Restaurants are adapting with “pandemic pivots” to increase takeout and delivery business this winter and find other sources of revenue. Several restaurants have launched online ordering systems to make payment and pickup a breeze, whether you’re craving fluffy Parisian-style spinach gnocchi from Bistro Moulin, over-the-top nachos from Nacho Bizness or savory baingan bharta eggplant from Taste of India.
In Pacific Grove, Wild Fish is readying to roll out delivery. “We’ve never done delivery before, we haven’t been set up for it, but it’s something the servers can do,” says Jacobs. Servers will soon be enlisted as delivery drivers, bringing Wild Fish’s seafood-centric selections to your home. “We’re not going to lay people off—we hope—and we’re doing our damnedest to keep everybody in a job.”
(Remember, while delivery apps may be convenient, they take a cut of each order so it’s best practice to get delivery direct from the restaurant or from local delivery services whenever possible.)
Many restaurants have launched markets for food, beverages and more. Carmel’s Cultura comida y bebida has opened a mercantile selling curated selections from Oaxacan artisans, while la Balena offers Italian pantry selections for purchase. Gabe Georis (owner of Pescadero and Barmel) and Brandon Miller (previously executive chef for the now-shuttered il Grillo) went all in with the launch of a new subscription service—The Chef’s Stash—earlier this year to provide home cooks with curated grocery boxes featuring the same quality products chefs use in their restaurants.
With the holidays on the horizon, many restaurants are pivoting to takeout menus for Hanukkah, Christmas and New Year’s and putting together special promos and packages for gifting. The ovens at Ad Astra Bread Co. and Parker-Lusseau Pastries are bursting with holiday treats like stollen and challah, while Mexican restaurants like Monterey’s La Bahia and Carmel’s Pescadero are taking orders for tamales.
At The Butter House in Seaside, owner Benny Mosqueda is savoring the last few weeks of outdoor dining before the county’s inevitable shutdown.
He’s seen a recent decline in business with neighboring counties falling under shelter-in-place orders and customers’ general unease about the weather, the pandemic and holiday spending. He’s been preparing staff for a shift to takeout and delivery. “We’re nervous, but this isn’t our first rodeo.”
During the previous shutdown, the breakfast and lunch spot expanded service into the evenings with family dinners for takeout three days a week. Mosqueda expects those dinners may return this winter. “It helps people keep their job and not have to go on unemployment and makes up the hours and money missed.”
Of course restaurants aren’t the only local hospitality sectors anxious about a looming lockdown. Bars, breweries and wineries are also looking for ways to sustain sales and staff.
Bars have borne the brunt of the state’s regulations on the hospitality sector. Many across the state have suspended operations. Locally, popular spots like Alfredo’s and Segovia’s are closed indefinitely. But others have worked to stay open in compliance with the state’s restrictions on service.
In Monterey, Pearl Hour teamed up with Ocean Sushi Deli for food service since the state mandates bars may only reopen with food service and patrons must purchase food in order to imbibe. But now it looks likely that even a menu of sublime sushi rolls won’t be sufficient for Pearl Hour to stay open during the next round of shelter-in-place orders.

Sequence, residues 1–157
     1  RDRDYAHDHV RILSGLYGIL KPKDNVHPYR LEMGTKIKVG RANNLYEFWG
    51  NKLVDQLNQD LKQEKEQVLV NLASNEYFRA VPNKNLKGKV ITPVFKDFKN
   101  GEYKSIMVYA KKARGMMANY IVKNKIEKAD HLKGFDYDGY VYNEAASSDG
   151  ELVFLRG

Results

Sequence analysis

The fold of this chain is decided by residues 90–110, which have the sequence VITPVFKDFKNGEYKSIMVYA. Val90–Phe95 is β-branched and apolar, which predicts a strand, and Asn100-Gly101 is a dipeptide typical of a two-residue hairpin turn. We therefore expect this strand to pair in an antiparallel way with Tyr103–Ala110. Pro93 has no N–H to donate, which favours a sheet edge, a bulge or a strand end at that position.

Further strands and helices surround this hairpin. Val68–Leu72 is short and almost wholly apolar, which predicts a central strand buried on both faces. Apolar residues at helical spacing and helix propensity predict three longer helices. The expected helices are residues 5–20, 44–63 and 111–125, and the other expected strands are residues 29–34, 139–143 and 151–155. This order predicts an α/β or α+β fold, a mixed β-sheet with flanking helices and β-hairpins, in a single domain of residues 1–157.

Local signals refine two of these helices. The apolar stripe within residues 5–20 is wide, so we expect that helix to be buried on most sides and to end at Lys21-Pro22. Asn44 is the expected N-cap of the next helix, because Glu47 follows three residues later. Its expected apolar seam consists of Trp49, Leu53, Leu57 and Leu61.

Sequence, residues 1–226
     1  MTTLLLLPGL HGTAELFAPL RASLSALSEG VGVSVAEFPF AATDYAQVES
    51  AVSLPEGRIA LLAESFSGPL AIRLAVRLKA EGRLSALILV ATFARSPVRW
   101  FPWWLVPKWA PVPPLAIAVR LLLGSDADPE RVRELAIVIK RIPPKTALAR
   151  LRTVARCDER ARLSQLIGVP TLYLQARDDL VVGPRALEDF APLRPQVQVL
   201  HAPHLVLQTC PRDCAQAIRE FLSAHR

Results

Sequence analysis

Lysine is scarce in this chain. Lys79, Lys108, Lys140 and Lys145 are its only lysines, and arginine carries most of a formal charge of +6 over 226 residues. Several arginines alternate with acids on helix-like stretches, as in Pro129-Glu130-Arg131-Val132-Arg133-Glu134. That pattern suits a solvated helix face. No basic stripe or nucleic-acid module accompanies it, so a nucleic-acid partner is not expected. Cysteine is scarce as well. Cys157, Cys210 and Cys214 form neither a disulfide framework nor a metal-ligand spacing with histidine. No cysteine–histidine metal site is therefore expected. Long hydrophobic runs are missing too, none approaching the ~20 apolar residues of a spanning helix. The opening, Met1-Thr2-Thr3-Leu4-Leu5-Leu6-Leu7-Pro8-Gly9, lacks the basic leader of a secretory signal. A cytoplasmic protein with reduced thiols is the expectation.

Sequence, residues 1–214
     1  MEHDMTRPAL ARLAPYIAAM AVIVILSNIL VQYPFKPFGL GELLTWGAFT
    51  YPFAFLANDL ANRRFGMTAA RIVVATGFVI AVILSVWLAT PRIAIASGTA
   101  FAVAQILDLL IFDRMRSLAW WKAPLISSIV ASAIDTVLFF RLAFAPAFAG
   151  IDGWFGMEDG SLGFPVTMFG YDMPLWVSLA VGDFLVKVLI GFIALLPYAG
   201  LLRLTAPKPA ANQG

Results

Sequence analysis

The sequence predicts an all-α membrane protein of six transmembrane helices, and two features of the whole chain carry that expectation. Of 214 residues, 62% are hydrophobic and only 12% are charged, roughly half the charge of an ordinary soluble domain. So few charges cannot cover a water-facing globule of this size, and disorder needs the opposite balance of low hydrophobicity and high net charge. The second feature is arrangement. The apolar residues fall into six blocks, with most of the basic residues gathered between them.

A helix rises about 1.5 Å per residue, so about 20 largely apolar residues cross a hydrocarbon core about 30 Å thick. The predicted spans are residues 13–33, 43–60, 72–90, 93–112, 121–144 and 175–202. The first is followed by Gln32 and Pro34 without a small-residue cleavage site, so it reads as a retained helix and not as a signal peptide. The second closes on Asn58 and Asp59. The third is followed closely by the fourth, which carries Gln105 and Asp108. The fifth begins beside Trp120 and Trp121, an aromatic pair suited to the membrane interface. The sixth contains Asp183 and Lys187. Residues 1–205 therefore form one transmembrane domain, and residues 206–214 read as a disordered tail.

“We know bars are at the top of the list for what’s going to be closed down, so I know that that’s inevitable,” says Pearl Hour owner Katie Blandin. “But the when part and the uncertainty of it sucks.”
She also feels the stigma on bars right now. “I understand the rationale behind why bars, breweries and restaurants are risky. But you can look at it from a mental health point of view too.” For Blandin—and others in local hospitality—this is more than business. “These are all gathering places that create the culture and the fabric of a community. We need to have these places that bring joy, a place to release, especially if we can do it in a safe way.”
Mary Rocha, general manager for Barmel and Pescadero, shares Blandin’s frustration. “Who is anybody to say your business is ‘nonessential’? It’s essential to me, it’s essential to my workers to rely on that paycheck.”
Rocha empathizes with local hospitality workers who may find their hours reduced—or jobs cut altogether—this winter. “It’s December, it’s Christmas time. These workers are relying on a paycheck and we’re going to take that away right before Christmas? It sucks.” She shares painful stories of workers berated by customers for enforcing coronavirus protections or stiffed on tips because dinner is to-go instead of dine-in.
Twice she’s worked to reboot Barmel’s concept this year, but seen those dreams dashed. “It’s not taking off because people don’t want to come and get food, but with the guidelines how it is now, you have to order food with the cocktails. A lot of people don’t want that.” In the meantime, she’s preparing to unveil Barmel’s new food offerings—chicken wings, pulled pork sliders, St. Louis-style toasted ravioli—at neighboring Pescadero restaurant this winter as that restaurant prepares for takeout only when outdoor dining is suspended.
Blandin will comply with local regulations, of course, and close for bar service if and when mandated, but is skeptical the closure will only last three weeks and is preparing for the worst—another long-term shutdown for bars like this spring—and the impact to her business. “I’ll be losing thousands of dollars each month. Insurance, rent, electricity—all those things don’t go away.”
She’s resurrecting the bottle shop and delivery service she piloted during the state’s previous shutdown. “We’re creating things so people can make Pearl Hour cocktails at home instead of enjoying them here.”
The online shop at pearlhour.com offers bottled batches of some of the bar’s signature sips—like the Mermaid Negroni and the Pearlescent—as well as cocktail kits to build your own versions of others. Blandin also teases more nonalcoholic options coming soon. Items may be picked up at the bar or Blandin offers local delivery for $10.
“Our community support last time around was so helpful,” says Blandin. “Any time you’re thinking of getting liquor this winter, it would be great to think of us first.”
Breweries like Seaside’s Other Brother Beer Co. are also keeping an eye on the looming lockdown.